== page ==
2. Does the test involve direct or indirect testing?

    It is argued by Hughes (1994, p.17), for one, that a test is more valid if a language test involves direct testing – meaning that if the goal is to measure a specific skill or function then the test should contain problems or tasks which demand the use of these skills or a clear understanding of the functions. However, since the goal of Japanese university entrance exams is nothing more than the placement of examinees based upon "general" English skills, it would follow that the tasks and problems should be more of the indirect variety, that is, a wide variety of generalized texts and tasks/problems which measure holistic skills.
    Interestingly, Brown & Yamashita (1995) criticize university entrance exams precisely for having too much variety in terms of item-type (p.20) claiming that using a number of differing item-types leads to changing directions and shifting gears and determines only "testwiseness", as opposed to tests that contain few item-types, which are presumed to focus more upon "content". But, if the ability to display a wider variety of English skills – which a wide range of item-types would demand - determines only testwiseness, then testwiseness is not necessarily a bad thing and is certainly a better indicator of both test validity and reliability. Tellingly, Brown later (2000, p.6) seems to call for a wider-range of cognitive skills to be measured.

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3. What is the balance between objectivity and subjective scoring on the two exams?

    As stated earlier, strict uniformity in scoring is essential for the National Center Test (and is expected of, though less essential for, the second-stage exams). This also serves an administrative need to present university entrance exams as "objective" although other factors beyond uniform scoring actually realize objectivity. What this means is that both tests have to maintain competing constraints between the generalized need for testing holistically and yet allowing for discrete-item like clarity and precision in answering and scoring. It is a given that there will always be some tension between maintaining this balance. One cannot demand the measuring of a wide variety of skills, both productive and receptive (to increase construct validity), while also demanding that strict objectivity in scoring be maintained. It seems one quality will always be maintained at the expense of the other. Therefore, maintaining an overall balance between the two becomes a worthy goal.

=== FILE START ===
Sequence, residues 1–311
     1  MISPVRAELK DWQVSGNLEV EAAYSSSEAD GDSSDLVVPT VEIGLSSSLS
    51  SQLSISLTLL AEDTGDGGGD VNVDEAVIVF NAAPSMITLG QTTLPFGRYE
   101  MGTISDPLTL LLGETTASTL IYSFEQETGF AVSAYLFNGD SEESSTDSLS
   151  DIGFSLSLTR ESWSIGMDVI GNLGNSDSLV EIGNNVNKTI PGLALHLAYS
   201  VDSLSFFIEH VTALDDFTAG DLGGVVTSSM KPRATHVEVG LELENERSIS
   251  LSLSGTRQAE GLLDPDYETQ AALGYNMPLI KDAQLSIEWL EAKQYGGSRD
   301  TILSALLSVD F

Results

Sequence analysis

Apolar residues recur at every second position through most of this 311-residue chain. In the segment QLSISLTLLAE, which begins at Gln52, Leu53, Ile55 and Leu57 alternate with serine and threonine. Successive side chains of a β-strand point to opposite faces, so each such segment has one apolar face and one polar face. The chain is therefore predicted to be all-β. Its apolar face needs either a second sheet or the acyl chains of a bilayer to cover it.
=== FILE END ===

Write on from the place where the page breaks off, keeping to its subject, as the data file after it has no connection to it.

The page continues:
Oddly, Brown and Yamashita (1995) conclude that a focus upon receptive skills represents, ". . . an endorsement of a discrete-point and receptive view of language teaching" (p. 27), without considering the restraints that the National Center Test in particular has in this regard. This criticism might be more appropriate if these exams were achievement tests but in fact a test with a placement function can hardly be said to "endorse" a certain view of language teaching. Rather, its function is to stratify examinees, and in the case of university entrance exams, to do it efficiently and objectively. Unintentional "endorsement" may be seen in terms of washback onto high school pedagogy but even justifications for such washback have been widely questioned (Watanabe, 1996; Guest 2000; Mulvey, 2001; Stout, 2003).

4. What is the balance between integrated and discrete questions or tasks on the National Center and second-stage exams?

   Integrated questions are those which measure holistic skills and general abilities, as opposed to discrete questions which focus on minutiae and limited-range items (Hughes, 1994; p.19). The main problem with too much of a focus on discrete-item questions is that they increase the random element of a test – that is the examinee must have a specific piece of knowledge in order to successfully answer the question. If the examinee has happened to memorize or master that particular item or pattern, they will receive credit, but if they have not, they will get no credit for answering the question even though their general language knowledge or skill might be quite high. Therefore, discrete-item based tasks are likely to reflect only a very narrow area of language skill.